I just finished reading Ali Smith’s Girl Meets Boy, which is a retelling of the myth of Iphis and wherein the Boy is not (a boy). Part of The Myths Series from Canongate (I’ve only read one other title in this series, Winterson’s Weight about Atlas and Heracles). Wow, that’s a lot of information.

If you’ve read any of my other recommendations you know that I’m a bit of an Ali Smith fan(atic). She’s one of those writers who makes me just shake my head in wonder. She is a bit of a magician. And also a thief. Not in the plagiarist sense (although sometimes that as well). This story (although I hesitate to call anything Ali Smith writes a story) is about two sisters, Anthea and Midge (Imogen is the magic word) Gunn. One of them falls in love with a boygirl grafitti artist/revolutionary. The other is far, far too much like me (works in advertising for the imperialist scum of the earth) for comfort. I think I’ll have to wait another 20 years before I can write about being in advertising. It is the banality of evil…a never-ending, ever-capitalizing, ever-evolving process of soul-devouring hellishness. And it moves so fast with so much importance and cash that you don’t have time to think about the horrorshow you’re producing and feeding and being digested by. How the hell do you write about that? No one would believe how boring and terrifying it is simultaneously. Ali Smith took care of it for me. Also, you should know that she writes True Love (requited and unrequited) in a way that leaves you in a kind of breathless Yes. Without the sugary soundtrack.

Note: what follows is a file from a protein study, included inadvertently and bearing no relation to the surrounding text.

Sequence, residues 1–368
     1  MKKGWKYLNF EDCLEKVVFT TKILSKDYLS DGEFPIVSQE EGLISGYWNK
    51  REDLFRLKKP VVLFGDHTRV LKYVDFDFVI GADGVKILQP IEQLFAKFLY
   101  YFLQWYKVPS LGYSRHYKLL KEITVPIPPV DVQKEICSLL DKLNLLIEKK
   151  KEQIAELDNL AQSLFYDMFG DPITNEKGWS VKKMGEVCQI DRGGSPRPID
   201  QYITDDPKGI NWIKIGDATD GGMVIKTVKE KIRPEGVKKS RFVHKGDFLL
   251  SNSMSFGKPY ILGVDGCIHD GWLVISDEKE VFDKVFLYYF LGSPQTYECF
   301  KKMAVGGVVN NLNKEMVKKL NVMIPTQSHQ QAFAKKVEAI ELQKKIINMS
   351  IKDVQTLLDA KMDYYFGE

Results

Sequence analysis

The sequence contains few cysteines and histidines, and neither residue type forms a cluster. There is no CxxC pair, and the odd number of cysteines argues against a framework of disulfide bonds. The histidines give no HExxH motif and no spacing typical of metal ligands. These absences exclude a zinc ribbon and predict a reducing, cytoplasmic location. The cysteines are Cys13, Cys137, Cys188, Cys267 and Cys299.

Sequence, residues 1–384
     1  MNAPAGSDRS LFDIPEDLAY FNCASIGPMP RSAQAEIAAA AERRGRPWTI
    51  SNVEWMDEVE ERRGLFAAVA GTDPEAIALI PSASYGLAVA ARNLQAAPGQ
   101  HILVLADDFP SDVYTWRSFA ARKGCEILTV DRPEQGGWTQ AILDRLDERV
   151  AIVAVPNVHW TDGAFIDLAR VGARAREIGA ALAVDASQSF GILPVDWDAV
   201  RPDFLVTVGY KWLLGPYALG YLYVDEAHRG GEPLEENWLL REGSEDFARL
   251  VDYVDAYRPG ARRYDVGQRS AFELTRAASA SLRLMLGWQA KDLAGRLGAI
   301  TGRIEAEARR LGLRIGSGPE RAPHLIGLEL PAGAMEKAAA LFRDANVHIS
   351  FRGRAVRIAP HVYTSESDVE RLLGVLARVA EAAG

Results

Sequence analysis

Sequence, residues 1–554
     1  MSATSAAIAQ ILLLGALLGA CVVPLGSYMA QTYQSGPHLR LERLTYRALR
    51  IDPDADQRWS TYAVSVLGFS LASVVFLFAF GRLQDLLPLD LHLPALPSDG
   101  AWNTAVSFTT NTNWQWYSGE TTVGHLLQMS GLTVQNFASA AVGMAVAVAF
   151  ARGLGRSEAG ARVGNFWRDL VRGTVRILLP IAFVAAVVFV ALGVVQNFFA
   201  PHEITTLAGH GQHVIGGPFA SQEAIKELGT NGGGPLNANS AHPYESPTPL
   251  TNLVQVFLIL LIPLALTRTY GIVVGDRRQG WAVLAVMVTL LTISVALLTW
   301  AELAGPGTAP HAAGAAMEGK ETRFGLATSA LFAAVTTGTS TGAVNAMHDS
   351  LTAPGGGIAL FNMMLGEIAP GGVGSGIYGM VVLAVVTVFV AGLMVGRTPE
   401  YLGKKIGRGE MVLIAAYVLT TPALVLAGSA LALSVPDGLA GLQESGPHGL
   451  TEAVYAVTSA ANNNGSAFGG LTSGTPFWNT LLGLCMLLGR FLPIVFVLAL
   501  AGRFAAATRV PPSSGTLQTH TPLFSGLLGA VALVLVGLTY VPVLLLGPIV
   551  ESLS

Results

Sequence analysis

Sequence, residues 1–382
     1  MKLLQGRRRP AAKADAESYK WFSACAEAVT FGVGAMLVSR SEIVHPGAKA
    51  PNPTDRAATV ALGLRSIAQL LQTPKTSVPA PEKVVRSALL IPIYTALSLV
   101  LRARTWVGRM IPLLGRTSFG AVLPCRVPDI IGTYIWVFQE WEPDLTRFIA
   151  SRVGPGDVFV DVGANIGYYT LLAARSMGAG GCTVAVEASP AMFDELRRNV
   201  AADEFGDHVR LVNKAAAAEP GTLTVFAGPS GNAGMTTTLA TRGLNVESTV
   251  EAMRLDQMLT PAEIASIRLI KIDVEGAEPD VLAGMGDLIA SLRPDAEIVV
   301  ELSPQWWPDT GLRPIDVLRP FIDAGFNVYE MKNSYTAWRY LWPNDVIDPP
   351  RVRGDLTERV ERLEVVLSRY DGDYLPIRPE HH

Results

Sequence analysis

“Then I wondered why on earth would anyone ever stand in the world as if standing in the cornucopic middle of the Hanging Gardens of Babylon but inside a tiny white-painted rectangle about the size of a single space in a car park, refusing to come out of it, and all round her or him the whole world, beautiful, various, waiting?”

Anyway, this is a very quick read with much more of an actual story than I’ve come to expect from Smith. Her prose is as spare and quick and lovely as ever, even pared down (impossibly) more to the grammarless, verbless breaks of tag lines and copy. These are advertising Creatives (after all :). Hmmm, spellcheck doesn’t like creative to be a noun. Or plural. Or a verb. When I worked in advertising, I had the tech geeks find a way to turn off spellcheck (it was not easy, Microsoft wants everyone to spell alike). I couldn’t stand all of those red lines yelling at me. Every. Other. Word. (Like that!). I imagine Ali Smith has had to find a way to turn it off as well.

[semi-SPOILERy] This also has the happiest Ali Smith ending you’ll ever read. Which it should. Haven’t there been enough tragic stories of girl meets girl, boy meets boy, girlboy meets girlboy? Actually, I’m pretty sure it’s the only story (the tragic one)…besides this story.